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Atom heart mother

Release date: October 10th, 1970

Recorded at: EMI Studios, Abbey Road, London

Atom Heart Mother was Pink Floyd's first No. 1 record. Up to their ears in avant-garde experimental ideas, the Floyd teamed up with the electronic composer Ron Geesin to create the side-long title track, their most ambitious piece of work so far. By now the group were producing themselves.

Nick Mason: "It's an averagely recorded album but a very interesting idea, working with Ron Geesin, an orchestra and the Roger Aldiss choir. Roger and I were quite friendly with Ron. I think I met him through Robert Wyatt. The thing that Ron taught us most about was recording techniques, and tricks done on the cheap. We learned how to get round the men-in-white-coats and do things at home, like editing. Ron taught us how to use two tape recorders to create an endless build up of echo. It was all very relevant to things we did later. Now I listen to it with acute embarrassment because the backing track was put down by Roger and me, beginning to end, in one pass. Consequently the tempo goes up and down. It was a 20-minute piece and we just staggered through it. On the other side, Alan's Psychedelic Breakfast was another great idea -- gas fires popping, kettles boiling, that didn't really work on record but was great fun live. I've never heard Roger lay claim to it, which makes me think it must have been a group idea."

There is also the beautiful song "If" and "Alan's Psychedelic Breakfast", with great sound effects. The thing most people remember "Atom Heart" for these days is its spectacular cover, featuring nothing but cows.

David Gilmour: "At the time we felt Atom Heart Mother, like Ummagumma, was step towards something or other. Now I think they were both just a blundering about in the dark."

The title track is embellished with horns and a choir. It is split into six different, named parts, although there is some controversy over where each section starts and ends. The two versions currently accepted are described below. Most of the divisions are marked by a return to the main theme of the piece, played by the group and the orchestra. Stanley Kubrick wanted "free rein" to use music from "Atom Heart Mother" in his film "A Clockwork Orange." The band didn't agree.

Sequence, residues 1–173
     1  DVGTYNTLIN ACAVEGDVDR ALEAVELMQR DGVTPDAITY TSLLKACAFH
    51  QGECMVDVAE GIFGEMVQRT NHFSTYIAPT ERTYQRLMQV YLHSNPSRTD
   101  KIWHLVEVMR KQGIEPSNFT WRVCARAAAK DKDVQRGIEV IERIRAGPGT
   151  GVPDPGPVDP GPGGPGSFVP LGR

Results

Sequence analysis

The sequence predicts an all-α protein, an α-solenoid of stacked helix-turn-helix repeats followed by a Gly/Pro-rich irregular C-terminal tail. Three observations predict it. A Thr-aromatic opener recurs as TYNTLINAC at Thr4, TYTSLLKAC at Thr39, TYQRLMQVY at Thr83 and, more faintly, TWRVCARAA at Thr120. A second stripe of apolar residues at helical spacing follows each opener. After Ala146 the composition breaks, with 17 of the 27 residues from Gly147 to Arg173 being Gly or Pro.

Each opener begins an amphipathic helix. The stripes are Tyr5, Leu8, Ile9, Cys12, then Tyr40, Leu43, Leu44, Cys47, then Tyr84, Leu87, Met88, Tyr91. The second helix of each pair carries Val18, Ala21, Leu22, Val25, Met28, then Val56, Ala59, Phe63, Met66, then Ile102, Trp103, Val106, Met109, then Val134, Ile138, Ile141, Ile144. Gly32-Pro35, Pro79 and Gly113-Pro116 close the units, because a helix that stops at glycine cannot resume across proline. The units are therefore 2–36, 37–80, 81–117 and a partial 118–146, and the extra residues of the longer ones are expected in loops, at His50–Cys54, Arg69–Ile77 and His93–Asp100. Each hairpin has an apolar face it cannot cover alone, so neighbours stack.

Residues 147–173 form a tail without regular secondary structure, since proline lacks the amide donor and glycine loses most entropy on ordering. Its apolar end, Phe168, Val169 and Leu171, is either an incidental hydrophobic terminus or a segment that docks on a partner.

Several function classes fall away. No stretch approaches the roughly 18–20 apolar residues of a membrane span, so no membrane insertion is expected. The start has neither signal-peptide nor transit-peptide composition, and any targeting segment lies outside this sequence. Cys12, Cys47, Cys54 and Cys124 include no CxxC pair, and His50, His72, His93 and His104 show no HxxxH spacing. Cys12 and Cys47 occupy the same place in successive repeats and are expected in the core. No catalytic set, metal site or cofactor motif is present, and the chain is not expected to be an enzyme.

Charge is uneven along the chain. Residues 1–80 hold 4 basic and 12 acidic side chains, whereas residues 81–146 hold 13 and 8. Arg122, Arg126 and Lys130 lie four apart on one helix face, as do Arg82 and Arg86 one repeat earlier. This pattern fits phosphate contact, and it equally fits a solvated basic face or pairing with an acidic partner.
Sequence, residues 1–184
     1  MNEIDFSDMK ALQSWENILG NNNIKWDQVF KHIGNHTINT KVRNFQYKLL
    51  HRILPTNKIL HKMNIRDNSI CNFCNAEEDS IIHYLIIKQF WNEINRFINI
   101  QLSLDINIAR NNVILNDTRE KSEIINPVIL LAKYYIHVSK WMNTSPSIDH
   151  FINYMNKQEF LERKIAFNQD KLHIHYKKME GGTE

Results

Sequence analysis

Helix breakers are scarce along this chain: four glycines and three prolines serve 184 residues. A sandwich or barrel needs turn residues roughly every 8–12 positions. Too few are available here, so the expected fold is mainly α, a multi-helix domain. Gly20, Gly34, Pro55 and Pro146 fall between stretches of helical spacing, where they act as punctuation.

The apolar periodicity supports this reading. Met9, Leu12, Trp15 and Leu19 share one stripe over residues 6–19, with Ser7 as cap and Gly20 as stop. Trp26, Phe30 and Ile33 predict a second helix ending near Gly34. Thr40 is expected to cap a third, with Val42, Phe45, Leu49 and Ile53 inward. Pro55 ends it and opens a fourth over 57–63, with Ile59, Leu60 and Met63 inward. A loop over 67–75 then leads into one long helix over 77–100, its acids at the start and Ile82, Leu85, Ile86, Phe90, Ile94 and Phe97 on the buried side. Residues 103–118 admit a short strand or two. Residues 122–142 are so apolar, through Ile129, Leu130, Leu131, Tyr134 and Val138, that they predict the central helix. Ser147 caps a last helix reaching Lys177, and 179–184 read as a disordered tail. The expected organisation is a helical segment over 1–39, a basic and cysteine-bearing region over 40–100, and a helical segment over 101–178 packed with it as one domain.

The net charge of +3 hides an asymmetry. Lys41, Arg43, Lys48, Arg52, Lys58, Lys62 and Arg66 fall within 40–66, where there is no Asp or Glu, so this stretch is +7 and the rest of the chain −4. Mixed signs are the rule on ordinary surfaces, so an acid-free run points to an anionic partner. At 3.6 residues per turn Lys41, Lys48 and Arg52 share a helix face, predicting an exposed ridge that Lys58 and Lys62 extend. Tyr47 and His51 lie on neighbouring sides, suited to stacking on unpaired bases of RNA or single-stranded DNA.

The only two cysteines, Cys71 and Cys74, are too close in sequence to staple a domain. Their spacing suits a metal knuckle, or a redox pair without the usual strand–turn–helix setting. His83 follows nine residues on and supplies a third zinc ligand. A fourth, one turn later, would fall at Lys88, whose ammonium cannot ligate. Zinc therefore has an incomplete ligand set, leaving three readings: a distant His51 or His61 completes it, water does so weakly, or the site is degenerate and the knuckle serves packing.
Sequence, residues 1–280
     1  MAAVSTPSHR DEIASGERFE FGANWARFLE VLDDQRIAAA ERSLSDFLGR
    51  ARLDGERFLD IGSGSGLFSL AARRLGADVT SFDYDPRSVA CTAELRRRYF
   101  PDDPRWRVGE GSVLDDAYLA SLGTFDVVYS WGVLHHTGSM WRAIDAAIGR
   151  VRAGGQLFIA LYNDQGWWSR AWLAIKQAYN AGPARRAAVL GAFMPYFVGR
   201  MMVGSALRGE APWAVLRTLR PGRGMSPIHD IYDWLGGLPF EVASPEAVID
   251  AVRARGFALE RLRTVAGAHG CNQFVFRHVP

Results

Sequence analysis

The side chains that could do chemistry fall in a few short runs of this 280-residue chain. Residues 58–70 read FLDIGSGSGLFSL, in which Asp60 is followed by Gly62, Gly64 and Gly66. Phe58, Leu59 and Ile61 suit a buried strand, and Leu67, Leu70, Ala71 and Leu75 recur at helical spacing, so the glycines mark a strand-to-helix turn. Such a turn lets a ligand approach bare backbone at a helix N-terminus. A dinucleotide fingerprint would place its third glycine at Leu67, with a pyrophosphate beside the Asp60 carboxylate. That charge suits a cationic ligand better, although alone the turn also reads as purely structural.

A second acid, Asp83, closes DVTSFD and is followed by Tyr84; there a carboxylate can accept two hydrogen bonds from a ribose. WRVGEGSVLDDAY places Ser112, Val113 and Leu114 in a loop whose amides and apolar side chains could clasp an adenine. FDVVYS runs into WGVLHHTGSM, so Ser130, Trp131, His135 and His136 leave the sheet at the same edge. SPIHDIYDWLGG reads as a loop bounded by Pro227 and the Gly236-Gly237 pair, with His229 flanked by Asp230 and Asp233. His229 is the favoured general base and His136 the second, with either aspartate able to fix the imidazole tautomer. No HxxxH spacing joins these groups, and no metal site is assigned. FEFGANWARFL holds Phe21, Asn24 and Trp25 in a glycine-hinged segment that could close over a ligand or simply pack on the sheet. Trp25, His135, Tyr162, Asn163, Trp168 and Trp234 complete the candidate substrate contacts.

The album was named during the sessions for the BBC radio show, when the title track needed a name, and Ron Geesin suggested to Roger Waters that he'd look through The Evening Standard and see if he could find a title in there. The paper carried an article about a pregnant woman with a pacemaker, headlined ATOM HEART MOTHER, and the rest (as they say) is history. During this song, there are two voices that can be clearly heard:
17:28 - "Here is a loud announcement"
19:08 - "Silence in the studio!"
Alan, from "Alan's Psychedelic Breakfast" is Alan Stiles, a roadie of Floyd's back then. It's his voice you hear on the track. The kitchen sounds were recorded in Nick Mason's kitchen. The band was never very happy with this piece, which might explain why it was performed live only a few times. During the live performances the band was served tea on stage. Early British pressings of the album had the sound of the water dripping from the tap continue into the trail-off groove in the record, allowing some turntables to play dripping water forever (or until someone turns it off, whichever came first). Alan Stiles can be seen on the back cover of Ummagumma.

The cow on the album cover is Lulubelle III. The cow-cover came to be because the band wanted a cover that was as ordinary and un-psychedelic as possible.

Nick Mason:"Atom Heart Mother was very rushed. The LP could have been better."


Song
Writer(s)
Time
Atom Hear Mother [part a-f]
Mason,Gilmour, Waters, Gessin
23:45
If
Waters
04:31
Summer '68
Wright
05:29
Fat Old Sun
Gilmour
05:24
Alan's Psychedelic Breakfast [parts a-c]
Waters, Mason, Gilmour, Wright
13:01